and blot out all my iniquity.

10 Create in me a pure heart, O God,
    and renew a steadfast spirit within me.
11 Do not cast me from your presence
    or take your Holy Spirit from me.
12 Restore to me the joy of your salvation
    and grant me a willing spirit, to sustain me.

13 Then I will teach transgressors your ways,
    so that sinners will turn back to you.
14 Deliver me from the guilt of bloodshed, O God,
    you who are God my Savior,
    and my tongue will sing of your righteousness.
15 Open my lips, Lord,
    and my mouth will declare your praise.
16 You do not delight in sacrifice, or I would bring it;
    you do not take pleasure in burnt offerings.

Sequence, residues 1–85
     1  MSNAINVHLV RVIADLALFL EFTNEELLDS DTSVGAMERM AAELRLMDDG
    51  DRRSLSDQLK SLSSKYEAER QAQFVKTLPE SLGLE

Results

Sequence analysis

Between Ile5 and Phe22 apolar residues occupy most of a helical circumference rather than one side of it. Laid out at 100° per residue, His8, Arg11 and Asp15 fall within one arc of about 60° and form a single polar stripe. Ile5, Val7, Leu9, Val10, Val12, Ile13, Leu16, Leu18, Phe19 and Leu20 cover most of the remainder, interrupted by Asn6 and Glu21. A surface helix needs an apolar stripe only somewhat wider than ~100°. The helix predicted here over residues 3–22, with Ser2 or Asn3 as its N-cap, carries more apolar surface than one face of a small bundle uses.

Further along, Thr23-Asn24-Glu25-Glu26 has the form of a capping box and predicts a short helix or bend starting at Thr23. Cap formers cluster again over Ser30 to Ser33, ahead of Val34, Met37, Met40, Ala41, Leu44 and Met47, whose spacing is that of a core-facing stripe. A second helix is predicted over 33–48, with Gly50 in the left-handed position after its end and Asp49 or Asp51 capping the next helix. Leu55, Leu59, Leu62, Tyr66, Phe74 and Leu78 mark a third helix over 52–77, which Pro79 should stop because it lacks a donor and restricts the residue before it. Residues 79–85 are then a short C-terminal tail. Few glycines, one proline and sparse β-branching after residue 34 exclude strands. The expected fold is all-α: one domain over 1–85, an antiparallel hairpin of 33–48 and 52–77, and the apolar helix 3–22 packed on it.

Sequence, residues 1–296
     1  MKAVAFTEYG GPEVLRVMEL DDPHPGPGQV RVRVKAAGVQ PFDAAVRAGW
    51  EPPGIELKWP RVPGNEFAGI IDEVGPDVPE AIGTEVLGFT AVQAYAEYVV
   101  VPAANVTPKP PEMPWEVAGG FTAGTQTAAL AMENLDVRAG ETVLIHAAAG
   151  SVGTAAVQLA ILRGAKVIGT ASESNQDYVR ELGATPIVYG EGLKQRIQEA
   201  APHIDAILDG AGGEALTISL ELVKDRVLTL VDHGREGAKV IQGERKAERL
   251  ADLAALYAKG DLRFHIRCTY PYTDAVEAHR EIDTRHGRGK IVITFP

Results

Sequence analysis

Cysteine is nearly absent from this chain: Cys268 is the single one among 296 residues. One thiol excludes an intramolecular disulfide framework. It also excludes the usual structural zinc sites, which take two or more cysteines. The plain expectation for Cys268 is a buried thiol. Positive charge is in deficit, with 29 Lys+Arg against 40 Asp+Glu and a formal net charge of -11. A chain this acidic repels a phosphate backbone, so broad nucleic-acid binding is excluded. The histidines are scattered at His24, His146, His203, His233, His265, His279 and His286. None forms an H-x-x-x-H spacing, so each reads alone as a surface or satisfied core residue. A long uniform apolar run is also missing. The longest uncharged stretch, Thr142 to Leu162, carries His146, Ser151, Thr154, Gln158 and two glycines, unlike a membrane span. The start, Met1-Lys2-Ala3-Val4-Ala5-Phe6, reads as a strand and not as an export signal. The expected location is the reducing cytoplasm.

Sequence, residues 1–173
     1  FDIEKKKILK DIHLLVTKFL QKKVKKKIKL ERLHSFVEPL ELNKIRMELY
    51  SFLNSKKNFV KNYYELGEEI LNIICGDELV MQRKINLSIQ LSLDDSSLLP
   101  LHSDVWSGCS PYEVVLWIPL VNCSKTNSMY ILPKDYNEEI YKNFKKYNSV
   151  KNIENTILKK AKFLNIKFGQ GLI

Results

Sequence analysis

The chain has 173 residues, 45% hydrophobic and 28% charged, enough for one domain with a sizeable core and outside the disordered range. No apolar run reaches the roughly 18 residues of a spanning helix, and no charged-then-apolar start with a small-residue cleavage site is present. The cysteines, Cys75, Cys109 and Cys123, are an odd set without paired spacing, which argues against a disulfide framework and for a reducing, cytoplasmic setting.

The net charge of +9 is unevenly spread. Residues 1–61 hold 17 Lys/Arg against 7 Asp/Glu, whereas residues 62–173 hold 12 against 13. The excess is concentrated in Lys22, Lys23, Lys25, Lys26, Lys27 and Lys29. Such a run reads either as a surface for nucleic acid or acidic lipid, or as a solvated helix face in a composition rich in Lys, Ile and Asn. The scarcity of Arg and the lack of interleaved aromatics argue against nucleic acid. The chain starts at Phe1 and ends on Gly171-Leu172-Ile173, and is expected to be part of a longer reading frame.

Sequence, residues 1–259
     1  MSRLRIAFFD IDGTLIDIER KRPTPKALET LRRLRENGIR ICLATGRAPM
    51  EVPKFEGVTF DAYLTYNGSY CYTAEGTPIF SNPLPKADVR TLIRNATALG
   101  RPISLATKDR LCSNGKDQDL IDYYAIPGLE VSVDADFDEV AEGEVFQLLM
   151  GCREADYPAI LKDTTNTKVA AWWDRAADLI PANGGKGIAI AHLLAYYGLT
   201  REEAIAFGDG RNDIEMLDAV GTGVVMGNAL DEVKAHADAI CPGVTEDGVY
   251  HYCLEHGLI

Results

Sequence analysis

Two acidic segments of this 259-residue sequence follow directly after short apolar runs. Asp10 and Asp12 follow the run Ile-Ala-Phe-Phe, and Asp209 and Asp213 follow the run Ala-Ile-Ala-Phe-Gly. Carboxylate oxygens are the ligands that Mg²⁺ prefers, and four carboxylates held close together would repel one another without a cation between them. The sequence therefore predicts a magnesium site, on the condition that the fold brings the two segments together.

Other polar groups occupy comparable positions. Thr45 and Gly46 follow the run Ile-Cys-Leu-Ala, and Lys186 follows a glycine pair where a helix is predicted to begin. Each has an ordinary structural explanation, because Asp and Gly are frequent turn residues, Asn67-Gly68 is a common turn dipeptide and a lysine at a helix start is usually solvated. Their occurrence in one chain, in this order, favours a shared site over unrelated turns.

17 My sacrifice, O God, is a broken spirit;
    a broken and contrite heart
    you, God, will not despise.

27 February 2014

Community at its Best

Bike Ride
The weather was beautiful, so the kids and I decided to ride the bikes to the playground and play on the play scape for a little while. I am so glad that I have an active, yet cautious toddler who knows her boundaries very well. It made for a relaxed time for Mami.

From the distance, I saw a Dad approaching with three children. They were, what I learned later, all under the age of five. I thought he was pretty brave for such an outing. He happened to be on the phone, and while he finished his conversation, his kids never left his side. I thought they were very well behaved to yield to the temptation of a playground so near by.